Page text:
Battle of North Point Monument (dedicated 1815), ca. 1870–1875, which appears on both the flag and the seal of Baltimore, Maryland The British marched next to Baltimore, where they hoped to strike a knockout blow against the demoralized Americans. Baltimore was not only a busy port, but the British thought it harbored many of the privateers who were despoiling British ships. The city's defenses were under the command of Major General Samuel Smith, an officer of Maryland militia and a United States senator. Baltimore had been well fortified with excellent supplies and some 15,000 troops. Maryland militia fought a determined delaying action at the Battle of North Point, during which a Maryland militia marksman shot and killed the British commander, general Robert Ross. The battle bought enough time for Baltimore's defenses to be strengthened.

After advancing to the edge of American defenses, the British halted their advance and withdrew. With the failure of the land advance, the sea battle became irrelevant and the British retreated.

At Fort McHenry, some 1000 soldiers under the command of Major George Armistead awaited the British naval bombardment. Their defense was augmented by the sinking of a line of American merchant ships at the adjacent entrance to Baltimore Harbor in order to thwart passage of British ships. The attack began on the morning of September 13, as the British fleet of some nineteen ships began pounding the fort with rockets and mortar shells. After an initial exchange of fire, the British fleet withdrew just beyond the 1.5 miles (2.4 km) range of Fort McHenry's cannons. For the next 25 hours, they bombarded the outmanned Americans. On the morning of September 14, an oversized American flag, which had been raised before daybreak, flew over Fort McHenry. The British knew that victory had eluded them. The bombardment of the fort inspired Francis Scott Key, a native of Frederick, Maryland, to write "The Star-Spangled Banner" as witness to the assault. It later became the country's national anthem.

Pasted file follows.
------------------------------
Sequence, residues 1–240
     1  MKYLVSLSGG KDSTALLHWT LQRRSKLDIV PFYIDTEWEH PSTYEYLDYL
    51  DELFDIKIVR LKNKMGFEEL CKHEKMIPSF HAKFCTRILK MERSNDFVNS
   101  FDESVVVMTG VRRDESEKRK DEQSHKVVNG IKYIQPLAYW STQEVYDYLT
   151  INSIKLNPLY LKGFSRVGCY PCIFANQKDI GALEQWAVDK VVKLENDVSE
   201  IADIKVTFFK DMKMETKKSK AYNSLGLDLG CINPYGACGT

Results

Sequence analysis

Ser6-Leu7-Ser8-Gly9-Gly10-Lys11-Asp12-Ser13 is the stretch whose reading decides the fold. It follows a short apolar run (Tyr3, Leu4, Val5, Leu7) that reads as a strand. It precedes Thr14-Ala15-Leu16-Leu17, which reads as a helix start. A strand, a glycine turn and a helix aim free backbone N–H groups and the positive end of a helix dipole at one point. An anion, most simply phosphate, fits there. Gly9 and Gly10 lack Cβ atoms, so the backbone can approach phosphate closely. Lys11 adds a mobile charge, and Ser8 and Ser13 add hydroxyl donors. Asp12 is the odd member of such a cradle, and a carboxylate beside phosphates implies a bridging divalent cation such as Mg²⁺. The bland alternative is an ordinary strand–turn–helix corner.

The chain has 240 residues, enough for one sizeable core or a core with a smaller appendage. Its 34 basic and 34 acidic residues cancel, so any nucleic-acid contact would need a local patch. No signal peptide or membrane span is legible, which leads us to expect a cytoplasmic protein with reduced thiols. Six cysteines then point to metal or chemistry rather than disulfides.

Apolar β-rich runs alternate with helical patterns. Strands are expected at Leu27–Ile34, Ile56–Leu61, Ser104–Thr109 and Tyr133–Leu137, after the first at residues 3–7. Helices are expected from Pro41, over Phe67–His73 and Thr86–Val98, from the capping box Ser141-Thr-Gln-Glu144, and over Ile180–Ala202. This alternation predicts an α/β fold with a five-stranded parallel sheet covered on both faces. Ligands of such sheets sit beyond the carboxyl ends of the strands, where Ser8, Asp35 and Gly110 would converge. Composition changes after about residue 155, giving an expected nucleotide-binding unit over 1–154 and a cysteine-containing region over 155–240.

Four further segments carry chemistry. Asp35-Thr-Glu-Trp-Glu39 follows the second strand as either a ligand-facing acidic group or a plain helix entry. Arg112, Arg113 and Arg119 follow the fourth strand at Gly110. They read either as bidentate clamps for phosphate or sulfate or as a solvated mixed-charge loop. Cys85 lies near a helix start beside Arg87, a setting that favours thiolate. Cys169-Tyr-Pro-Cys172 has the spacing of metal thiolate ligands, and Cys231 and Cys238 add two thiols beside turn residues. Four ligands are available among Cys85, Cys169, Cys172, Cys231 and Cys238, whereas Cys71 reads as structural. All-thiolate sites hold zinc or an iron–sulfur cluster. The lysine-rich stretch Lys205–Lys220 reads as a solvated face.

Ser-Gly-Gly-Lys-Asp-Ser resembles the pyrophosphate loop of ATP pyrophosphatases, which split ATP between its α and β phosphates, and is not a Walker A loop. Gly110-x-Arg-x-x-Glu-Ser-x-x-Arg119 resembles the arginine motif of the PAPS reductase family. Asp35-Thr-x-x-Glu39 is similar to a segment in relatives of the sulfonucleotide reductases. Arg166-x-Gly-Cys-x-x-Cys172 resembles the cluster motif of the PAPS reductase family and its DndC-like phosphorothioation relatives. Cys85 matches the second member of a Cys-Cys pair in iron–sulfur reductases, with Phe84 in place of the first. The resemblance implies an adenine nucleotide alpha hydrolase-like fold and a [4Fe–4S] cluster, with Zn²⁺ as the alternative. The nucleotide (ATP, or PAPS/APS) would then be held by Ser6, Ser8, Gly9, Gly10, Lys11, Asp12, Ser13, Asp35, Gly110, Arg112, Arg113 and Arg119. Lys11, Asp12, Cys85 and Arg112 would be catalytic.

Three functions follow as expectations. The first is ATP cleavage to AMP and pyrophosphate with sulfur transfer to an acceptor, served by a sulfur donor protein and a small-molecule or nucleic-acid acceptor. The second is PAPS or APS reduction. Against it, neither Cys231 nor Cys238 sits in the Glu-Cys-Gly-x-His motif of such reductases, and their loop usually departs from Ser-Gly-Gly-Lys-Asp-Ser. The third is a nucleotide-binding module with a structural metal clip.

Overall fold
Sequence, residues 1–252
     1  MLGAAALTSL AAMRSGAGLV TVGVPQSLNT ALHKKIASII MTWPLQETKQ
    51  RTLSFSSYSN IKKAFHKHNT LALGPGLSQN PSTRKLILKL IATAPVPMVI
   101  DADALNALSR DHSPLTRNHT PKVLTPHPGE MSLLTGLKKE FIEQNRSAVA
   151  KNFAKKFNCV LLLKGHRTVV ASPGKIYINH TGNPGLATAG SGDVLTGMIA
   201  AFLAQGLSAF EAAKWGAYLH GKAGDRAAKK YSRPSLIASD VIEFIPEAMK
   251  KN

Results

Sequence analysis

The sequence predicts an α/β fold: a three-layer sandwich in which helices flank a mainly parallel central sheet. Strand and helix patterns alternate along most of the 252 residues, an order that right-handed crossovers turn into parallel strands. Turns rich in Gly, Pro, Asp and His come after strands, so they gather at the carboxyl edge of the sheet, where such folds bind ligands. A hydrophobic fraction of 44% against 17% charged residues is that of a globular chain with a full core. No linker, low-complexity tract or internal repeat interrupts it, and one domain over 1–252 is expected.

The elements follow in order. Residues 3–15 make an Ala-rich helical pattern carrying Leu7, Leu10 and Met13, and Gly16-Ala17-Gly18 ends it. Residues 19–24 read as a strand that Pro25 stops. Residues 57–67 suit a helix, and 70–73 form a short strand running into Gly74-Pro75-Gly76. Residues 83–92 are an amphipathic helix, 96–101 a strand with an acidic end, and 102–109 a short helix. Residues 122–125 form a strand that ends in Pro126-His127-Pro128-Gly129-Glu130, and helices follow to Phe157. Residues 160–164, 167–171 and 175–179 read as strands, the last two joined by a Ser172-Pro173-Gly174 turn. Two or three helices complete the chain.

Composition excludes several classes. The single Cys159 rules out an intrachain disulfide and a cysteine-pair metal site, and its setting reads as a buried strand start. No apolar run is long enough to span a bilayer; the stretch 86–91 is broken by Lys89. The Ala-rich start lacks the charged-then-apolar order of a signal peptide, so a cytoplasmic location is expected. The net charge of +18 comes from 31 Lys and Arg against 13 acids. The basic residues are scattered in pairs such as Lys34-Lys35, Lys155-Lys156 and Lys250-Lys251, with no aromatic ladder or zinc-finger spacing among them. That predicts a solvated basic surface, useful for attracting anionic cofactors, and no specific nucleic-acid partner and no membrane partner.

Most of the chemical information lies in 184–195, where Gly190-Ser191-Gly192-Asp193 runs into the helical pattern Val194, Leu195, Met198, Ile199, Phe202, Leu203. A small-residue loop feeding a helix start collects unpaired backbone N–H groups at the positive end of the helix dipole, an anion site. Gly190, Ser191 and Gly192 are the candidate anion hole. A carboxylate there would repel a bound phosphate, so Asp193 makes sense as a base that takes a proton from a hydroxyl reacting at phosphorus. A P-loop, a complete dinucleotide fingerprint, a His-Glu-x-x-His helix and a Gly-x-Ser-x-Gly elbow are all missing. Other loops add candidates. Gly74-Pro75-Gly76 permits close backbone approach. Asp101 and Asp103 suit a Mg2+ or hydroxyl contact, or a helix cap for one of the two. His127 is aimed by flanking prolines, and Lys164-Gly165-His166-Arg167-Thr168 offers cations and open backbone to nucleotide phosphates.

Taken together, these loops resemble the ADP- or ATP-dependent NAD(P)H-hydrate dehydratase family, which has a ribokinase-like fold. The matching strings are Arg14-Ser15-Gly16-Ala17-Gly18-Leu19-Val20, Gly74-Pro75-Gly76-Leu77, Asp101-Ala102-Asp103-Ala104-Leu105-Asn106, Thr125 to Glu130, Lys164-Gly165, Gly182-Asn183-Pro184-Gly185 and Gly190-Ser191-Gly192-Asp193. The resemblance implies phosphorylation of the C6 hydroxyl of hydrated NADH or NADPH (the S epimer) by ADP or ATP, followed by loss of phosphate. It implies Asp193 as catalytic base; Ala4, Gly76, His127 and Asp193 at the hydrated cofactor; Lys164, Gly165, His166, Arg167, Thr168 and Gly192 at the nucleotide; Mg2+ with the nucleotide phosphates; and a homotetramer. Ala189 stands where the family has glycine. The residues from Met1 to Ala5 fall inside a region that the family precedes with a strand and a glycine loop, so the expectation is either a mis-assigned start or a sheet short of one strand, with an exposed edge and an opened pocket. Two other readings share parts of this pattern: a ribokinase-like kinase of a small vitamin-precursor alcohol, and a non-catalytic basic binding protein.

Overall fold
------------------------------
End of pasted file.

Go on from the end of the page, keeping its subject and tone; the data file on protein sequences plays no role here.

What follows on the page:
Maryland felt the naval impact of the War of 1812 as well as the physical impact of a foreign invasion. For much of the war, the British Navy blockaded America's ports up and down the coast, hurting towns such as Baltimore that depended on trade. Baltimoreans fought back in the small, fast ships local shipbuilders had designed, causing the British to brand Baltimore "a nest of pirates" and forbid direct confrontation with American ships. During the middle years of the war, Rear Admiral Sir George Cockburn conducted raids on the Chesapeake Bay coast.

Battle of Bladensburg

On August 24th, 1814, Cockburn fought a series of engagements on the Patuxent River against Commodore Joshua Barney's flotilla of gunboats and armed, shallow-draft barges. Shortly before Barney was forced to scuttle his vessels, Major General Robert Ross landed an expeditionary force of British soldiers and marines in Benedict (Charles County) and marched in the direction of Washington. 


On August 24, 1814, American troops defending the capital under Brigadier General William Winder were defeated by the British at the Battle of Bladensburg (Prince George's County), which allowed the capture and burning of Washington, D.C.

Battle of Baltimore

Francis Scott Key standing on boat, with right arm stretched out toward the US flag

The British then sailed up the Chesapeake to Baltimore. There a land invasion was halted on September 12, 1814 at the Battle of North Point, east of Baltimore City in Dundalk. By sea, the harbor mouth was protected by Fort McHenry, which sustained a heavy bombardment from the British Navy September 13 through the morning of the 14th. 

Upon seeing that the American flag still flew over the fort on September 14th, native Maryland lawyer Francis Scott Key was inspired to write the poem "The Star-Spangled Banner," which later became the national anthem of the United States. Following their defeat, the British withdrew from the Chesapeake Bay.


(--paraphrased from Encyclopedia Britannica)